Earlier this year President Obama canceled the federal government's plans to store high-level radioactive waste from nuclear power plants and weapons facilities at the controversial Yucca Mountain site in Nevada -- but now there are concerns that South Carolina could become a permanent dumping ground for the dangerous waste.
That state is home to the Savannah River Site, a nuclear materials processing center along the Savannah River 25 miles southeast of Augusta, Ga. Built during the 1950s to refine nuclear material for weapons, the site no longer has any operating nuclear reactors and is engaged in cleanup activities.
Given the demise of Yucca Mountain, business leaders in South Carolina and Georgia are expressing worries that high-level waste at the Savannah River Site may now be left there permanently. Scientists have warned about potential environmental contamination from long-term storage of such highly radioactive waste in the Savannah River watershed.
This week the SRS Community Reuse Organization -- a nonprofit group working to diversify the region's economy and a supporter of the Yucca Mountain site -- released a report [pdf] calling for a special blue-ribbon panel to study options for disposing of the waste.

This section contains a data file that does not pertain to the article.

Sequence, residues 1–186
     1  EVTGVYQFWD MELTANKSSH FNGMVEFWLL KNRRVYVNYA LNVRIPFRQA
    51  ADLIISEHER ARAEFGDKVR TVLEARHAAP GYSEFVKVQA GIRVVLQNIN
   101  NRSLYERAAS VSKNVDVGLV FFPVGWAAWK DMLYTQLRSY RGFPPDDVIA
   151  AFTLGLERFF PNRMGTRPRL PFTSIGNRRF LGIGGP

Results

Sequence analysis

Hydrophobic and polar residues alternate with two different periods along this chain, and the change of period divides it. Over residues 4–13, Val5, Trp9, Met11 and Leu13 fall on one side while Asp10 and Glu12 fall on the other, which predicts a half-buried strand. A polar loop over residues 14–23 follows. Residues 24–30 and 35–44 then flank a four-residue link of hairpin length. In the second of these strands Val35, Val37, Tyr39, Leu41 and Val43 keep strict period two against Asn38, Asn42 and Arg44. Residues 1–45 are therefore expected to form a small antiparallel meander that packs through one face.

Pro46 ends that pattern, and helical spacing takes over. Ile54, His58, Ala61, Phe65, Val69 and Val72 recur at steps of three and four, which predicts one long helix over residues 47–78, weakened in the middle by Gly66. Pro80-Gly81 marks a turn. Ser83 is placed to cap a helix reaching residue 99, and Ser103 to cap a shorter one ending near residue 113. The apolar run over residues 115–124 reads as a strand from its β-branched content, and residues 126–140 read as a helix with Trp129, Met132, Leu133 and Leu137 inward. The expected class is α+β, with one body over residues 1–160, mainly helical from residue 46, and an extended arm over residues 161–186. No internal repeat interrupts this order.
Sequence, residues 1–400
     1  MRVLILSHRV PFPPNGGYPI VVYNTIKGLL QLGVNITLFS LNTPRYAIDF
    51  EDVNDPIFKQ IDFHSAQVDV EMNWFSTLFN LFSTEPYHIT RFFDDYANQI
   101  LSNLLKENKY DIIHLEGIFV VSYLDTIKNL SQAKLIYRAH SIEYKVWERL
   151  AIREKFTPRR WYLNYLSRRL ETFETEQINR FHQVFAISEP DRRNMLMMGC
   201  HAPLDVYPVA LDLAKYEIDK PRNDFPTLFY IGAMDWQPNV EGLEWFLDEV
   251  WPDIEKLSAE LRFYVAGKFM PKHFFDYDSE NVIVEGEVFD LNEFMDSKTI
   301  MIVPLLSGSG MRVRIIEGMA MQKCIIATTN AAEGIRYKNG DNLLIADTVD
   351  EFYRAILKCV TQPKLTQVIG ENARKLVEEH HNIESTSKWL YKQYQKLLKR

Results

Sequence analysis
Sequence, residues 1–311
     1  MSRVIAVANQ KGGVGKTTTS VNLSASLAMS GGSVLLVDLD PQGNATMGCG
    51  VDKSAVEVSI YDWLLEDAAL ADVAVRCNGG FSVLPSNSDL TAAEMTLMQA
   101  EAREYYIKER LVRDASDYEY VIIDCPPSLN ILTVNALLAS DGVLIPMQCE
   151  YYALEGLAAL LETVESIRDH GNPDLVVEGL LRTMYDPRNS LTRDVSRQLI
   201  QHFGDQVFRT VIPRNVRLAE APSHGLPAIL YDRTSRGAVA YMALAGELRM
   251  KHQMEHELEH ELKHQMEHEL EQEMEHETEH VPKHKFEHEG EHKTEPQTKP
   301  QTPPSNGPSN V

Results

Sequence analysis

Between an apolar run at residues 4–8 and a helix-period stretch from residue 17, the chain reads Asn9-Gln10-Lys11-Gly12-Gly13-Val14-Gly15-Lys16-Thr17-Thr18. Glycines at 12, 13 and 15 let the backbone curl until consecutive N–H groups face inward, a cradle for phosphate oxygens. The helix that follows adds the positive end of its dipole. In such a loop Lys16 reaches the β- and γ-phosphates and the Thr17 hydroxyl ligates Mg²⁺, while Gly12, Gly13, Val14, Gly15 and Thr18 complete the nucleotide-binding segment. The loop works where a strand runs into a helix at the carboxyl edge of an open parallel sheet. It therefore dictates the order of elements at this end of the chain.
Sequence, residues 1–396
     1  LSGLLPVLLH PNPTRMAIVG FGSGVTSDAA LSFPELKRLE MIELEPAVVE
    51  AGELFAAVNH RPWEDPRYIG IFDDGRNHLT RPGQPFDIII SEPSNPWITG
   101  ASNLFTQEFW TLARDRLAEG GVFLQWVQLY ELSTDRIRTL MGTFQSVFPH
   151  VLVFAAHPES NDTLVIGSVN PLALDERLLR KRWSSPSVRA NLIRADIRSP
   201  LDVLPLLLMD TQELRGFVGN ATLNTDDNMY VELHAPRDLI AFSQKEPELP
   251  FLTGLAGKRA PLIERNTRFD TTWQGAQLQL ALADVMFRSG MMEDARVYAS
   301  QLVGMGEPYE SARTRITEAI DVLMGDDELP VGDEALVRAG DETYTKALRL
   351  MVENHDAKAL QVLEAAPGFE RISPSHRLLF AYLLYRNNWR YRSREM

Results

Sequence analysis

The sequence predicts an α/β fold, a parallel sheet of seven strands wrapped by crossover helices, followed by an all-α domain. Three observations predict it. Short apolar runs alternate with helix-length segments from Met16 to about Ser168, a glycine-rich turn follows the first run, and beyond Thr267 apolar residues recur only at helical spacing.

As the preface states:
The government's about face on this critical issue leaves state and local leaders with more questions than answers. Those responsible for public safety, job creation, image enhancement and citizen confidence must now lead in a new reality. They must come to terms with their community's lingering -- perhaps permanent -- role as caretaker for the Nation's highly radioactive waste.
As a region, we are now left wondering what's next? How we will come together in unity to address a path forward in the wake of this broken promise -- one that has implications of the longest possible term and a potential chilling effect on the region's future growth and prosperity?
The group's report says that if and when a panel is assembled to plot a new strategy for high-level nuclear waste storage, the Savannah River Site region's leaders should get a "seat at the table."